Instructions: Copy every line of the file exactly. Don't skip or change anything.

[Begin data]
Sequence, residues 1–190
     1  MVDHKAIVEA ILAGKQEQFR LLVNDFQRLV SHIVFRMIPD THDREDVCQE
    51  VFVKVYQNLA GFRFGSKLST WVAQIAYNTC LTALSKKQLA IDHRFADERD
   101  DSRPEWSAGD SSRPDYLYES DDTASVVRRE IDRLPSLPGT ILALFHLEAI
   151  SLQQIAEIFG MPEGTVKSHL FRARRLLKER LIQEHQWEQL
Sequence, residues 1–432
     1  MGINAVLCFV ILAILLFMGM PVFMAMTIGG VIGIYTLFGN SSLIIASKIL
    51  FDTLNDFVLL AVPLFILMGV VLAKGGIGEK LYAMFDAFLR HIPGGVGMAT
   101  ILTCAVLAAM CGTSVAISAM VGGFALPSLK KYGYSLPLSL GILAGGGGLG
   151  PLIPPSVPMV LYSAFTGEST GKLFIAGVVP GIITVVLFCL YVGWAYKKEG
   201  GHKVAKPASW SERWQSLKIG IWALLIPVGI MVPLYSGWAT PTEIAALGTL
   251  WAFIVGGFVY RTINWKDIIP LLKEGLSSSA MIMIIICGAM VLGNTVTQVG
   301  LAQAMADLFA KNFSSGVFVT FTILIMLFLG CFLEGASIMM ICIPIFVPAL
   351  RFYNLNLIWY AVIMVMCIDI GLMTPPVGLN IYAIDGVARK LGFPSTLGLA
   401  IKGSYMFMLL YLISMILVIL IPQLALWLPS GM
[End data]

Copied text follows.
Sequence, residues 1–190
     1  MVDHKAIVEA ILAGKQEQFR LLVNDFQRLV SHIVFRMIPD THDREDVCQE
    51  VFVKVYQNLA GFRFGSKLST WVAQIAYNTC LTALSKKQLA IDHRFADERD
   101  DSRPEWSAGD SSRPDYLYES DDTASVVRRE IDRLPSLPGT ILALFHLEAI
   151  SLQQIAEIFG MPEGTVKSHL FRARRLLKER LIQEHQWEQL
Sequence, residues 1–432
     1  MGINAVLCFV ILAILLFMGM PVFMAMTIGG VIGIYTLFGN SSLIIASKIL
    51  FDTLNDFVLL AVPLFILMGV VLAKGGIGEK LYAMFDAFLR HIPGGVGMAT
   101  ILTCAVLAAM CGTSVAISAM VGGFALPSLK KYGYSLPLSL GILAGGGGLG
   151  PLIPPSVPMV LYSAFTGEST GKLFIAGVVP GIITVVLFCL YVGWAYKKEG
   201  GHKVAKPASW SERWQSLKIG IWALLIPVGI MVPLYSGWAT PTEIAALGTL
   251  WAFIVGGFVY RTINWKDIIP LLKEGLSSSA MIMIIICGAM VLGNTVTQVG
   301  LAQAMADLFA KNFSSGVFVT FTILIMLFLG CFLEGASIMM ICIPIFVPAL
   351  RFYNLNLIWY AVIMVMCIDI GLMTPPVGLN IYAIDGVARK LGFPSTLGLA
   401  IKGSYMFMLL YLISMILVIL IPQLALWLPS GM